Bottom line: tone is in the ears! If you hear a difference ... then the difference is there. If you don't, then all the spec sheets and opinions in the world are not going to make it so.

 

Jim

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Woah name calling already??? ( I assume "plank" is derogatory ... is that like calling someone a "berk?). It could also be stated that if you don't want to hear the answers ... DON'T ASK THE QUESTION!!!

 

Now that we've simmered down ... clearly bvarsel was being satirical in his post and did not mean to offend you' date=' mrjones. Judybat brought up the great point that we are not talking about acoustic guitars here. With an electric guitar there are so many factors that can effect the final outcome of the sound produced ... starting with the volume and tone controls on the guitar itself. You have a good half dozen effects units listed on your signature, mrjones, so you obviously take tone pretty seriously.

 

Bottom line: tone is in the ears! If you hear a difference ... then the difference is there. If you don't, then all the spec sheets and opinions in the world are not going to make it so.

 

Jim[/quote']

 

Thanks Jim....I did preface my poor attempt at humor with the "not trying to be an a#@" statement. Wow never been called a "plank" before!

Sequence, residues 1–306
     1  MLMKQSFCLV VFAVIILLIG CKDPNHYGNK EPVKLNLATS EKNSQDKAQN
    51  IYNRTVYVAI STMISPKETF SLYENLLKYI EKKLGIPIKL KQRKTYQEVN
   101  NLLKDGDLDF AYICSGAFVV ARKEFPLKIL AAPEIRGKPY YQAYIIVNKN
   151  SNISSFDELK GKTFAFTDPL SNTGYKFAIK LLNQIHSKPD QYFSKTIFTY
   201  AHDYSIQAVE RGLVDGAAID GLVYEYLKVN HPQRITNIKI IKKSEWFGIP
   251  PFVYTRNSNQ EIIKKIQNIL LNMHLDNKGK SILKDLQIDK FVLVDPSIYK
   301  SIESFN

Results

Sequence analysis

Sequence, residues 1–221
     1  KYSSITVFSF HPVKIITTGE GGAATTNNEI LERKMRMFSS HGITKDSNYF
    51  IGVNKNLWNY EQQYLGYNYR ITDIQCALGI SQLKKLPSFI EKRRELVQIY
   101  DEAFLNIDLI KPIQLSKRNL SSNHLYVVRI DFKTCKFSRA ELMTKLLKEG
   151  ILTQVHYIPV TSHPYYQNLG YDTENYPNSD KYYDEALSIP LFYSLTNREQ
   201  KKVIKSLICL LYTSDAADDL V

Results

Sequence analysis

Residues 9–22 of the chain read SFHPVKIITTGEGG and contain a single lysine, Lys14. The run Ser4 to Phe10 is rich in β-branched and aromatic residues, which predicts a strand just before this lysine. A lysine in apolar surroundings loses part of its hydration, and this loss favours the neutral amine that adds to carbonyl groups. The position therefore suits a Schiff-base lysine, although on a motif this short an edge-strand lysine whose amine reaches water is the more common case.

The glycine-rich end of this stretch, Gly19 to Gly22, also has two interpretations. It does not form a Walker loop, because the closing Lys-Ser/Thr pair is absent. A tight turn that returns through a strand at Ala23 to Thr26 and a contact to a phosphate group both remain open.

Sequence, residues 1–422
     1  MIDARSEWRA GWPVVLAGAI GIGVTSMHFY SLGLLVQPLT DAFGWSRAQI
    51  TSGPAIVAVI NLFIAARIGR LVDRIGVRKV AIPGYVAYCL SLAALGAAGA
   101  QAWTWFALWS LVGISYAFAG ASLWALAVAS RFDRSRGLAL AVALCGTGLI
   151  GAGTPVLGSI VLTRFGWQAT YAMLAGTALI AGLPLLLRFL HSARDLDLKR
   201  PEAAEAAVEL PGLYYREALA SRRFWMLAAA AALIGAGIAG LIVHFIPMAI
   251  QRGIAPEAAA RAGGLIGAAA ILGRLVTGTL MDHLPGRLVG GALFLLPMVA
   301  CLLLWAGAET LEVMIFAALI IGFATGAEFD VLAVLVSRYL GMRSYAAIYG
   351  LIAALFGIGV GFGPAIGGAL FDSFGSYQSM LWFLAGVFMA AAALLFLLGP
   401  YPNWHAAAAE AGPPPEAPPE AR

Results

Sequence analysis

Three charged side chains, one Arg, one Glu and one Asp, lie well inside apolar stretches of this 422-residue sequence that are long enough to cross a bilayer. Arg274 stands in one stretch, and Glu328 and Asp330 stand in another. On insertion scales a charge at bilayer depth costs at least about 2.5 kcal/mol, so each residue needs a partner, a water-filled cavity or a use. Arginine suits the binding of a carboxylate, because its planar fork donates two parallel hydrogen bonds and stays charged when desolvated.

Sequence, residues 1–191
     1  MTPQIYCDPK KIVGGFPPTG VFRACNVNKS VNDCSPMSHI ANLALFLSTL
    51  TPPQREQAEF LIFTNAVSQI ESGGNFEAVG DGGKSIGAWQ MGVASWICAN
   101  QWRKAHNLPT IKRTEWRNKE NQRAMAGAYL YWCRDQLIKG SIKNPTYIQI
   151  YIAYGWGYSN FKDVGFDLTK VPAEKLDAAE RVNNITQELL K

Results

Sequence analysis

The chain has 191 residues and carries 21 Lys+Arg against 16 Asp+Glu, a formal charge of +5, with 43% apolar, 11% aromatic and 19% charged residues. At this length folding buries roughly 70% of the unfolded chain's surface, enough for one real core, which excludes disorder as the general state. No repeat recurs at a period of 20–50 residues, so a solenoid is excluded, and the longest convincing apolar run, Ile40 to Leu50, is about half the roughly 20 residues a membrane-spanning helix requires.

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Me too' date=' bubba! These things have a way of getting out of hand when someone feels they are being ganged up on. I hope you don't mind my speaking for you on this one ...

 

Jim[/quote']

 

No problem......I think I'll keep my comedy relief to the "Andy Kaufman was a Tone Monster" forum!

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Thanks Jim....I did preface my poor attempt at humor with the "not trying to be an a#@" statement. Wow never been called a "plank" before!

 

I'll avoid the obvious reply of ' Surely you must have!!'

 

A peculiarly English expression (mostly south and SE England), similar in meaning to 'Plonker' or 'Pillock'. Generally used as an affectionate rather than aggressive or derogatory term of abuse.